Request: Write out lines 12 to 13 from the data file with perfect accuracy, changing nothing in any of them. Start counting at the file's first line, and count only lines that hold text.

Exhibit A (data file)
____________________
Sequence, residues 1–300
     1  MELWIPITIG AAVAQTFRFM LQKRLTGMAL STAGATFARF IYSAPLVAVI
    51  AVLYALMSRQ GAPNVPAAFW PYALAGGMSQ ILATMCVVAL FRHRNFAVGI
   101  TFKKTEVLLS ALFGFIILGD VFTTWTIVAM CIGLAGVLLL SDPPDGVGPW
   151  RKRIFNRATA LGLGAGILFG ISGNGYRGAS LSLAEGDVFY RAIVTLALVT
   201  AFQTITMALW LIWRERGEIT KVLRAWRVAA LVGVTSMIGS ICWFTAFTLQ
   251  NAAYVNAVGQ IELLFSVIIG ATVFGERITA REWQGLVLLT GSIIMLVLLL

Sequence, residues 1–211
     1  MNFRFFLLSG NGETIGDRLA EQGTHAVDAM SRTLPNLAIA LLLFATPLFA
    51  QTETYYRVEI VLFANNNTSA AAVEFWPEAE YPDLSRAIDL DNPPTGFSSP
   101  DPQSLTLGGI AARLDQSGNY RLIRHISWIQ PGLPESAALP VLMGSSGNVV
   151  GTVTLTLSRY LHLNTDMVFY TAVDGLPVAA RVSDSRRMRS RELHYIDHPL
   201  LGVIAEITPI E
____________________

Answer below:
   151  GTVTLTLSRY LHLNTDMVFY TAVDGLPVAA RVSDSRRMRS RELHYIDHPL
   201  LGVIAEITPI E